After Monza, Silverstone is the fastest track on the calendar, with an average speed of almost 230km/h on a flying lap and a top speed of over 300km/h at the end of the long Hangar Straight.
But, unlike Monza, Silverstone is more than just long straights separated by chicanes, and much of the high speed comes in the exhilarating sweeps of the first half of the lap, from the near-flat right-hander at Copse through the breath-taking Becketts complex to the Hangar Straight.
That mixture of speed and skill is a popular one among Formula 1 drivers, as Jarno explains: "Silverstone is one of the older circuits we still have and the characteristic of the circuit is the high-speed corners. Becketts is an old-fashioned series of corners which is exciting for a driver because it is high speed and you really need to find the right line. You basically flow around the corners."
But as well as the fast sweeps of the opening sector, there is also the slow Luffield section of two second-gear left-handers at the end of a lap. This complex was added to Silverstone in 1990 and presents a challenge in terms of set-up, as the desire for top speed earlier in the lap must be balanced with the need for grip around these slower corners.
At Panasonic Toyota Racing, plenty of work has already been done to prepare the TF108 for those two sides of Silverstone's character, with three days of testing last week at the historic track. Nevertheless, Friday practice will provide a valuable opportunity to fine-tune the delicate balance between top speed and downforce.
Head of Aerodynamics Mark Gillan says: "You've got to be very careful that you don't give away downforce in the hunt for top speed. Overtaking is quite difficult so really you're trying to set the car up to be at its maximum pace for the whole lap so you shouldn't really search for top speed alone.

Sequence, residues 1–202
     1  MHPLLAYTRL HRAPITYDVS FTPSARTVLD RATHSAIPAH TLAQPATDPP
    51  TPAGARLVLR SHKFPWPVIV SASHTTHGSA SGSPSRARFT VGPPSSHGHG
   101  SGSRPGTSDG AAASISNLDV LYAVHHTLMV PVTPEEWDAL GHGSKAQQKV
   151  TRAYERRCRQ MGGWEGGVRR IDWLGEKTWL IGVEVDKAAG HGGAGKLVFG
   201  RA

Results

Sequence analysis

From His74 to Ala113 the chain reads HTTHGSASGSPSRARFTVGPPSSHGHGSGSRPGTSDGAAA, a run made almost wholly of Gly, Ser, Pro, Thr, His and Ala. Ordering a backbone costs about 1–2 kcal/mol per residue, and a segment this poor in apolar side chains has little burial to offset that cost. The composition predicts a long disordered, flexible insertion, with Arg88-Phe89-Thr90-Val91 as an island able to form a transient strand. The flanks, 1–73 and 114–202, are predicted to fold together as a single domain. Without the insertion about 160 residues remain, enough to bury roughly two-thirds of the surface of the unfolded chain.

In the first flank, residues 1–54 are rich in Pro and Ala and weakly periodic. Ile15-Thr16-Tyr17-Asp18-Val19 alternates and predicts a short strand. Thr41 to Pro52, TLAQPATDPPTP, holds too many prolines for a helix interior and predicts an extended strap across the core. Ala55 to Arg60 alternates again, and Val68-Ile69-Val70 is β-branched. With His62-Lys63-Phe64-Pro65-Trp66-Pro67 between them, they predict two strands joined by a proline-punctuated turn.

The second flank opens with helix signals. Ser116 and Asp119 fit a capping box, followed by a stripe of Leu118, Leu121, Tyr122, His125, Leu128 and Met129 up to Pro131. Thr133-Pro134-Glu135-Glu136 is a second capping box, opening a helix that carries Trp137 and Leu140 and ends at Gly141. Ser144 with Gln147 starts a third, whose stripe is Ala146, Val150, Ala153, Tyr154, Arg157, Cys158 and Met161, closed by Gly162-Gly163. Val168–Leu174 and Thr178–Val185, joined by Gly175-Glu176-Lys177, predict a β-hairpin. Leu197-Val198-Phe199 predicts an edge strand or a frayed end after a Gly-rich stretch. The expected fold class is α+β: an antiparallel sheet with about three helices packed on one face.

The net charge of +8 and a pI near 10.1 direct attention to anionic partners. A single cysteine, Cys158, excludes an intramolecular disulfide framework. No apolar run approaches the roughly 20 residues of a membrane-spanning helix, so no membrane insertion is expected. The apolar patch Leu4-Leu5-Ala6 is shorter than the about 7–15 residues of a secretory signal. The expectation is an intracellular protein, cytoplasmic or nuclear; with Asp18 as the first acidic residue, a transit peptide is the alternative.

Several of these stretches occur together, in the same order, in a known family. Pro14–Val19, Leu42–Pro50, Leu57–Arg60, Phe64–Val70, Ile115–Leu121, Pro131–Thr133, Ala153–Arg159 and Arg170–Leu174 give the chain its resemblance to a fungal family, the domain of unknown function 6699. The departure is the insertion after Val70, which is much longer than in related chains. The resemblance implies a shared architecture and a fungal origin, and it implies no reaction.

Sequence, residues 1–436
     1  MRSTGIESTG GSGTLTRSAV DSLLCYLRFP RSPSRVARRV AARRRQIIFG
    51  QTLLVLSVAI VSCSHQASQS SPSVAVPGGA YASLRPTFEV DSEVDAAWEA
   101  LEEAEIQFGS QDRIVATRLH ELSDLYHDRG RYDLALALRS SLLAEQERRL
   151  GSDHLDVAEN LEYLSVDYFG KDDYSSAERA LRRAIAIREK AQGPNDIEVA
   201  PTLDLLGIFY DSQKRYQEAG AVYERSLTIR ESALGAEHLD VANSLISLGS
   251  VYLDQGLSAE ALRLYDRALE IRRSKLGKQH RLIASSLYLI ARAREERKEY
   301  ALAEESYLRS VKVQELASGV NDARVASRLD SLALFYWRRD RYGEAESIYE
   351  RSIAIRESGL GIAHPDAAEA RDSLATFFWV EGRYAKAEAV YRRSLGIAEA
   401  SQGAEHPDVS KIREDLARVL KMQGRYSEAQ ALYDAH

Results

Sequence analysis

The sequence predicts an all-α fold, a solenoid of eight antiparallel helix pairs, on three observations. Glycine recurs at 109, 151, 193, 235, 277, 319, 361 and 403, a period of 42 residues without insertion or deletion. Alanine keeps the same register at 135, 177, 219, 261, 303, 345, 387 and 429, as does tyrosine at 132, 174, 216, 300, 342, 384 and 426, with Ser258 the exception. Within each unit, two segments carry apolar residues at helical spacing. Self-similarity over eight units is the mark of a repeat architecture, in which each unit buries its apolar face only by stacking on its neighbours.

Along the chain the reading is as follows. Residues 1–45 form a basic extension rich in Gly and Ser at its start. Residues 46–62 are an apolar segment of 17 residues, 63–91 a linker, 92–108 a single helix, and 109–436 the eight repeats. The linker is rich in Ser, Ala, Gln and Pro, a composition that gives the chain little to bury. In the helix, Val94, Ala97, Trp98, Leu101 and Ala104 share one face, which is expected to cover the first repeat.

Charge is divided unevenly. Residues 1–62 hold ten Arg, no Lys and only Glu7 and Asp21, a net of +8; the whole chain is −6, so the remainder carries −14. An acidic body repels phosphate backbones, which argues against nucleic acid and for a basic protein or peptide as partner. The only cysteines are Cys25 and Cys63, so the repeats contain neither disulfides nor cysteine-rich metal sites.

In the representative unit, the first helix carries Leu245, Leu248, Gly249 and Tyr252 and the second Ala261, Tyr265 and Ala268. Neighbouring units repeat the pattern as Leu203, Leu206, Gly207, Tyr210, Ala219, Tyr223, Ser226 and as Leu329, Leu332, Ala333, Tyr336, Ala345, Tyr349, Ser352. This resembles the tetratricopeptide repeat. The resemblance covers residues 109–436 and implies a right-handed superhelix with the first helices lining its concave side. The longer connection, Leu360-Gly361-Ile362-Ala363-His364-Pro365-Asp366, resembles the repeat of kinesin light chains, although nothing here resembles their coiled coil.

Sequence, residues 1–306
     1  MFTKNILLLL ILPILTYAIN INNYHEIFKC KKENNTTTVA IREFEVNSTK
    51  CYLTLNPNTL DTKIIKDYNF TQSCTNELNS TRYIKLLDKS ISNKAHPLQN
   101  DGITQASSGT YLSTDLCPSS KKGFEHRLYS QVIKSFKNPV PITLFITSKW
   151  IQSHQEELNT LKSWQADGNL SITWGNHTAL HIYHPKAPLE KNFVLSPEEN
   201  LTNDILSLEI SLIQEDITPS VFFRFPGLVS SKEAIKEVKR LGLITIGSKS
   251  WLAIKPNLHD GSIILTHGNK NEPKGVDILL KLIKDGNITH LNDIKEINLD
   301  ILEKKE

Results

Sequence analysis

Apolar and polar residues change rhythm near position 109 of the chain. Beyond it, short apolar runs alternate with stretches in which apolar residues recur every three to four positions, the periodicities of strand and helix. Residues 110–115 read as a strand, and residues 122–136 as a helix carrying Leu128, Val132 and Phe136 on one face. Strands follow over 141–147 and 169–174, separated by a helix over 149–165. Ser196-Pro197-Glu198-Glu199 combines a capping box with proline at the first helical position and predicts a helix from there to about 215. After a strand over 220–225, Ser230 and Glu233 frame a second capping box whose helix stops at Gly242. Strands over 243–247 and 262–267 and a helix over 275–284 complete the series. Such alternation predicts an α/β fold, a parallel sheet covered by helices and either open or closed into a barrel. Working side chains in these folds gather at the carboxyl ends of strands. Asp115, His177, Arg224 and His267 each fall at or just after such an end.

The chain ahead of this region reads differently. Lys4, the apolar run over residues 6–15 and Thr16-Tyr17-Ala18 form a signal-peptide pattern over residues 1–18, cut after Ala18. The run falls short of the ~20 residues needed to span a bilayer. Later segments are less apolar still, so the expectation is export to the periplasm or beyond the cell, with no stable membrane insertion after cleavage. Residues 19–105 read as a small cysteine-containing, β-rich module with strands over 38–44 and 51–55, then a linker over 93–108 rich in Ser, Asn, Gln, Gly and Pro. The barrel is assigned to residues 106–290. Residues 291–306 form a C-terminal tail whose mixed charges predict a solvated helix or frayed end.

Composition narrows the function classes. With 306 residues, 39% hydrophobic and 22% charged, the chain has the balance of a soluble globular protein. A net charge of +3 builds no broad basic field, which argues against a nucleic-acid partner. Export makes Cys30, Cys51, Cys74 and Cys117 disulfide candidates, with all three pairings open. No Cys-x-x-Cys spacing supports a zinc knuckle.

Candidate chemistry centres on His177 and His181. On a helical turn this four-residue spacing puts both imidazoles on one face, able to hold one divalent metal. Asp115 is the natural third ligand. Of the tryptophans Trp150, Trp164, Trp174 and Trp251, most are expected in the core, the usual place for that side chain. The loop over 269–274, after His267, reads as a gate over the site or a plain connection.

"We very much take the opinion that you set the car up for maximum outright pace - meaning the quickest lap time - and do not concern yourself too much about the top speed, within reason of course."
Even with a full test to prepare, it is almost impossible to arrive at any race track with an absolute certainty of what to expect, with factors such as the weather and track conditions changing on a day-by-day basis.
This is particularly true at Silverstone, which is prone to strong cross winds that can upset a car's aerodynamic balance. This is a characteristic inherited from the track's former use, as a World War II bomber base, when wide open space was an advantage for an airfield with three active runways.
Another unpopular feature of the local weather can be rain, although despite Britain's reputation for wet weather, only three times in the last 20 years has the British Grand Prix been a wet race.
But reputations are hard to shake off, and for many in Formula 1, Silverstone is forever associated with grey skies and low temperatures. "The weather is always a question mark at Silverstone," says Timo. "I was in England in May for a short trip and it rained every day. It can be tricky over a race weekend if you have changeable weather because you don't really know what's going to happen in the next hour or so."
Jokes about British weather of course have a long history, so they fit well with Silverstone and the British Grand Prix. On the very same grid where Jarno and Timo will line up on Sunday, legends such as Juan Manuel Fangio and Guiseppe Farina started the first-ever World Championship Grand Prix back in 1950.
Since then, Britain is one of just two nations, the other being Italy, to have enjoyed an unbroken presence on the Formula 1 calendar. This rare distinction alone makes the British Grand Prix special but, according to Panasonic Toyota Racing President John Howett, this is only one of several reasons to enjoy a visit to Silverstone.
John explains: "Silverstone's always a great place to go because you also have a crowd at Silverstone who really understand motorsport. They really appreciate the racing and also the technique behind the racing so it's great to go there.
"These great Grands Prix with huge heritage, such as the British or French Grands Prix, are very, very, important. There are a lot of sponsors who are looking at the big markets in Europe and therefore these Grands Prix are extremely important to them too."
With its own passionate history of motorsport stretching back over half a century, Toyota fits comfortably in such an environment. But Panasonic Toyota Racing is driven by a desire to make history so, come Sunday's race, speed will again be king.